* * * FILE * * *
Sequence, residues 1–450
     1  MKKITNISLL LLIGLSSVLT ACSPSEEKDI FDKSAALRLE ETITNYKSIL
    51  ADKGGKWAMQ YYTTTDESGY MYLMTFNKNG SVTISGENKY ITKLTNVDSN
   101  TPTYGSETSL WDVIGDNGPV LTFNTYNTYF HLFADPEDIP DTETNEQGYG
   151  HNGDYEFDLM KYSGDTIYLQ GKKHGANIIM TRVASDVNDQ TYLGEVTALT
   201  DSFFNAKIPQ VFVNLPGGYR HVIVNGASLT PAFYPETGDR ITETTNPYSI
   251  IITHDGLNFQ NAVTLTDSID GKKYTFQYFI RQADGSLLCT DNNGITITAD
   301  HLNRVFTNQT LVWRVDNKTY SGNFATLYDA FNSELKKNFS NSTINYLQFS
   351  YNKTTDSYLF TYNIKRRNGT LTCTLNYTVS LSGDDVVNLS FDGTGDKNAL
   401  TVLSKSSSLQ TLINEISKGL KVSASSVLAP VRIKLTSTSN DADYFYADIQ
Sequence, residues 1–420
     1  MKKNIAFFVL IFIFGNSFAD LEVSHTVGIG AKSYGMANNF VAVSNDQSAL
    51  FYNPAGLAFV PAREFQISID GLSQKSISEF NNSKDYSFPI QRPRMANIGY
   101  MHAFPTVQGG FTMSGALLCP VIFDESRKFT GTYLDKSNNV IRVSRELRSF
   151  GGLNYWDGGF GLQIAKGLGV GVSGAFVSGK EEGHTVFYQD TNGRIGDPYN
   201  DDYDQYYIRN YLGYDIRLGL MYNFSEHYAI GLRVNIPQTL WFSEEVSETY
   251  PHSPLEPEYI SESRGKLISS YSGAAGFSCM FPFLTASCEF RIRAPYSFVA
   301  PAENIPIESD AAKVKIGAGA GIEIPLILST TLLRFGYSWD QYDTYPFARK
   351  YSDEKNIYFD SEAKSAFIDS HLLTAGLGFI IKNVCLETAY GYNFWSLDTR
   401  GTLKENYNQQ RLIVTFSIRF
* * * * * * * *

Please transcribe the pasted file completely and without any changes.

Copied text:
Sequence, residues 1–450
     1  MKKITNISLL LLIGLSSVLT ACSPSEEKDI FDKSAALRLE ETITNYKSIL
    51  ADKGGKWAMQ YYTTTDESGY MYLMTFNKNG SVTISGENKY ITKLTNVDSN
   101  TPTYGSETSL WDVIGDNGPV LTFNTYNTYF HLFADPEDIP DTETNEQGYG
   151  HNGDYEFDLM KYSGDTIYLQ GKKHGANIIM TRVASDVNDQ TYLGEVTALT
   201  DSFFNAKIPQ VFVNLPGGYR HVIVNGASLT PAFYPETGDR ITETTNPYSI
   251  IITHDGLNFQ NAVTLTDSID GKKYTFQYFI RQADGSLLCT DNNGITITAD
   301  HLNRVFTNQT LVWRVDNKTY SGNFATLYDA FNSELKKNFS NSTINYLQFS
   351  YNKTTDSYLF TYNIKRRNGT LTCTLNYTVS LSGDDVVNLS FDGTGDKNAL
   401  TVLSKSSSLQ TLINEISKGL KVSASSVLAP VRIKLTSTSN DADYFYADIQ
Sequence, residues 1–420
     1  MKKNIAFFVL IFIFGNSFAD LEVSHTVGIG AKSYGMANNF VAVSNDQSAL
    51  FYNPAGLAFV PAREFQISID GLSQKSISEF NNSKDYSFPI QRPRMANIGY
   101  MHAFPTVQGG FTMSGALLCP VIFDESRKFT GTYLDKSNNV IRVSRELRSF
   151  GGLNYWDGGF GLQIAKGLGV GVSGAFVSGK EEGHTVFYQD TNGRIGDPYN
   201  DDYDQYYIRN YLGYDIRLGL MYNFSEHYAI GLRVNIPQTL WFSEEVSETY
   251  PHSPLEPEYI SESRGKLISS YSGAAGFSCM FPFLTASCEF RIRAPYSFVA
   301  PAENIPIESD AAKVKIGAGA GIEIPLILST TLLRFGYSWD QYDTYPFARK
   351  YSDEKNIYFD SEAKSAFIDS HLLTAGLGFI IKNVCLETAY GYNFWSLDTR
   401  GTLKENYNQQ RLIVTFSIRF